Do you offer fully insured benefits ?
Traditionally, fully-insured healthcare has been the standard practice for most companies. And with the creation of ACA, laws are such that medium to large companies are mandated to provide health care. The easiest route to take, in order to stay compliant, is to simply use a private insurance company. These large conglomerates have been built around the act of providing insurance. They employ a huge number of people and specialize in providing the services most companies need. They have optimized broad and umbrella type policies that fit like a poncho over their various customers.
Following the law and providing good enough insurance for employees is the idea behind hiring a private insurance company. The amount of work they save your company and the reduction of headaches makes them a popular option in the marketplace.
The first and most obvious cost of buying a fully insured plan is the cost of premiums. This is the monthly cost that must be paid to the insurance company. It is set on a fixed annual basis for the number of employees on the plan. If new individuals are added, there will be an increase in cost.
The premiums are generally calculated internally by an actuary, employed by the health insurance carrier. This individual, or team of individuals, has the job of analyzing the employees of new companies, deciding how much of an insurable risk each person may be. While the metrics for studying how the premiums are calculated are generally industry secrets, the basics can be inferred.
Fully insured plans look at each individual and measure the risk of the individual's likelihood to make a claim with the policy. The more likely a claim, the more expensive a person is, and the higher a company's premium becomes. One of the largest factors of deciding premiums is based on the age of employees. Older companies are more likely to engage in higher rates of doctor visits and surgeries. When actuaries are reviewing the raw stats of employees, those over a certain age are automatically given a higher price tag.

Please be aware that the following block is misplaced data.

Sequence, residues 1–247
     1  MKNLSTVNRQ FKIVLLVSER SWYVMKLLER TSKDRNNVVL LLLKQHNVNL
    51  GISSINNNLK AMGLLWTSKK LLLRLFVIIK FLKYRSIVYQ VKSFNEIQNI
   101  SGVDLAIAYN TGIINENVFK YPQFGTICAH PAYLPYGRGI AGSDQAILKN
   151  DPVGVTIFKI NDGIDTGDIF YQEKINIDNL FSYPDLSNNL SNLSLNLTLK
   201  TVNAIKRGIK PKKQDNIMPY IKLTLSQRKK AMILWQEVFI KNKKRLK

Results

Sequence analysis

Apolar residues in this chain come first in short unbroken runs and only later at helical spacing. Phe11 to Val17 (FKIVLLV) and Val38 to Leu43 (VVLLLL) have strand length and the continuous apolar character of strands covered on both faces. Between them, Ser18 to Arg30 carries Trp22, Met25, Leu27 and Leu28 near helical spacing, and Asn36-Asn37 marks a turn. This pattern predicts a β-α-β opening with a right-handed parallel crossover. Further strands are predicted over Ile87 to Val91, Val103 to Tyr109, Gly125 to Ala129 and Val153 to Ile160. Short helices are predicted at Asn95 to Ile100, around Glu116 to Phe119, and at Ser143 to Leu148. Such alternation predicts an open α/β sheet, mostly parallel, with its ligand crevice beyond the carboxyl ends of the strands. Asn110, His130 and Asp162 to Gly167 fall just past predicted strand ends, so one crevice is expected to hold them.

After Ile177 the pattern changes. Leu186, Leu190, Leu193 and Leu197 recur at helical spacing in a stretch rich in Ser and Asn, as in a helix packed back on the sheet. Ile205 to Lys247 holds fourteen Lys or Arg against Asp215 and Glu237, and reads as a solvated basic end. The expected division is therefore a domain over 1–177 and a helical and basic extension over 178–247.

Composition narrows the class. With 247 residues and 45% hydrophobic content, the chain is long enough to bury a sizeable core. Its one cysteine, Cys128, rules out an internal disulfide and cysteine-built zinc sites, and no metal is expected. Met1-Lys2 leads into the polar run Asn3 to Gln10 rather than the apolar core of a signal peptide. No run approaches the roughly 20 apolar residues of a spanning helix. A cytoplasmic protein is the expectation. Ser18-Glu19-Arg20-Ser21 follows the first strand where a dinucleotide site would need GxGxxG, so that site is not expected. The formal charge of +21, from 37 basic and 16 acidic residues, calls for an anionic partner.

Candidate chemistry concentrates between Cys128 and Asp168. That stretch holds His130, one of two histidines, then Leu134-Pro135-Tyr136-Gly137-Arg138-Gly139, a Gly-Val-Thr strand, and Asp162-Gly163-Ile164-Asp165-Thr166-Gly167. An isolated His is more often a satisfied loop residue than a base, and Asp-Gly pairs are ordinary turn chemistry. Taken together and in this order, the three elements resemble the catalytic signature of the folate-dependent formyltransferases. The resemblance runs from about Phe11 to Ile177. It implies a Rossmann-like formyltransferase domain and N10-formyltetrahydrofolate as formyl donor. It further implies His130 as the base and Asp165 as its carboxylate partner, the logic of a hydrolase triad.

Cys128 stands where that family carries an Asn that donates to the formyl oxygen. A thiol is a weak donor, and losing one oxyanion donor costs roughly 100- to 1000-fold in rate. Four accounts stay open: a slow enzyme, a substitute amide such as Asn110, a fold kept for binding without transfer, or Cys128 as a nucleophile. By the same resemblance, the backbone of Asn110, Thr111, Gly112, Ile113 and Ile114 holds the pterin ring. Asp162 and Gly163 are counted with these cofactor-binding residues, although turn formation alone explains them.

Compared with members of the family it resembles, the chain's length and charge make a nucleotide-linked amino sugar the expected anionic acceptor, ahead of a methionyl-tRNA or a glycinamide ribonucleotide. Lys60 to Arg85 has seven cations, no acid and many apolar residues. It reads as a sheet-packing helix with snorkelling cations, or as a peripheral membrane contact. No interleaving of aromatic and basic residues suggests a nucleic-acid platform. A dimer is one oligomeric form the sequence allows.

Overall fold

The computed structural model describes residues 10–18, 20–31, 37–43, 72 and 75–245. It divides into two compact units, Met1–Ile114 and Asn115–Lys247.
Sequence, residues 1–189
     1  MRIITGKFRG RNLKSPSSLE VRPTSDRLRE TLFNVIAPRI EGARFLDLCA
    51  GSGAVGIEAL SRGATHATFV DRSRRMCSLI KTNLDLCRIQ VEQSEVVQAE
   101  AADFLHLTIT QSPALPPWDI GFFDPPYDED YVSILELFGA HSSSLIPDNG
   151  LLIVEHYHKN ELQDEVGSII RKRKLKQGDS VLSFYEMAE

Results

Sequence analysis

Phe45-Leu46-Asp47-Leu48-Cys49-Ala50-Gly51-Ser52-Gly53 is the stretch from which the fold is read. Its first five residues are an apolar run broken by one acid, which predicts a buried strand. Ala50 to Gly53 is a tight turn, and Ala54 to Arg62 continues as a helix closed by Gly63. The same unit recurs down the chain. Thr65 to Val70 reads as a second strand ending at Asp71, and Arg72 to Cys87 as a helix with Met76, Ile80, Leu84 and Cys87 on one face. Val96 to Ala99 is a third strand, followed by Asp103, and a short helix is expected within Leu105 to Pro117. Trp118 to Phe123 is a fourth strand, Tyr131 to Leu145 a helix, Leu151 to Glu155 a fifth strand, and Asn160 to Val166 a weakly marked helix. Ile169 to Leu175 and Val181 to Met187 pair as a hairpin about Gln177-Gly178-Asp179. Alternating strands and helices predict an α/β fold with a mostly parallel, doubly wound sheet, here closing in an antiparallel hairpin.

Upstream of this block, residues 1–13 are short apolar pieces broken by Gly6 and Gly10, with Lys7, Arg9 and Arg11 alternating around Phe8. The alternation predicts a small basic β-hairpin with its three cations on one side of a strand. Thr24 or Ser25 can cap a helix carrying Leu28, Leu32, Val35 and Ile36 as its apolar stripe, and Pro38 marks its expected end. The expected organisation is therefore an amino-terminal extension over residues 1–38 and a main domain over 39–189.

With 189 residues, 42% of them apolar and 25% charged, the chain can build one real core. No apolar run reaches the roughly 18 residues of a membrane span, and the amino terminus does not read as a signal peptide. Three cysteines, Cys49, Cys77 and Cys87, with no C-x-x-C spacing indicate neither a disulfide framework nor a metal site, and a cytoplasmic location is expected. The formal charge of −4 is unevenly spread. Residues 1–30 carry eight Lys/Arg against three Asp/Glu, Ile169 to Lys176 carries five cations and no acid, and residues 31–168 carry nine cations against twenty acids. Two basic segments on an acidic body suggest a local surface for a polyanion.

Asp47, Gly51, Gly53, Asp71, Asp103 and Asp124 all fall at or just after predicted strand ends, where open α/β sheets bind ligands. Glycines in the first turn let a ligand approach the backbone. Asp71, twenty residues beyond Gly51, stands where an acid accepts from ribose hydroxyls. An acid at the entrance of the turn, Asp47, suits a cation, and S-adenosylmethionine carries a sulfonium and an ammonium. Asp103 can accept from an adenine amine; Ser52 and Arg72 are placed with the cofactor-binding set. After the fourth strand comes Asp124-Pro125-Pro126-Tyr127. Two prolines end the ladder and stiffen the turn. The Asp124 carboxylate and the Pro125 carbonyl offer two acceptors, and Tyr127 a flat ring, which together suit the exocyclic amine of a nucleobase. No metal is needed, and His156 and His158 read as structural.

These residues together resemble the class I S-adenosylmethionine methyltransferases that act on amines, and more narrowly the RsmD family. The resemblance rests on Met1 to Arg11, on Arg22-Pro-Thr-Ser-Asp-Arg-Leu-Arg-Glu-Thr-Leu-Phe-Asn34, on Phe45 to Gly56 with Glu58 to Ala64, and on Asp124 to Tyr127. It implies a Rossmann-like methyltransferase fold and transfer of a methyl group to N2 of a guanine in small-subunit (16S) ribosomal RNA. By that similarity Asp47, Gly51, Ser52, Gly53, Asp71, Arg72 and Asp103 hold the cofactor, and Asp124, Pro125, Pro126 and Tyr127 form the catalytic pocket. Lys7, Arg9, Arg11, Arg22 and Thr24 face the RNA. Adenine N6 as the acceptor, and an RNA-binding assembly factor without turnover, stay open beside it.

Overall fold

Depending on the company, there could be a more in-depth analysis of individuals. This could include a biometrics scan and a general health overview. If employees are living unhealthy lifestyles and are at risk of making a claim, premiums will be increased.
Healthcare is regulated by each state, individually. This means plans are taxed at different rates for different areas of the country. Because health insurance falls under the powers of the state, your plan will be affected by local politics. Understanding the differences among states could be a deciding factor, especially if you have a multi-location business.
If you notice, the word "risk" continues to describe the use of medical care. This is because fully insured medical plans are a reactive policy. Companies wait until after an employee is sick or afflicted before paying for healthcare. As you can imagine, this is inefficient and costly. If employees become habitualized to only see a doctor for emergencies, smaller ailments that could potentially prevent more expensive visits will be ignored.
The premiums paid to the company are fixed. Final decisions regarding spending and claims are still done in the company. There is no such thing as refunds or a cash back option. If your company ends up spending less on insurance than what was paid in, the left-over money turns into profit for the insurance company. While this is the way it has always been, is it the most cost effective for your business?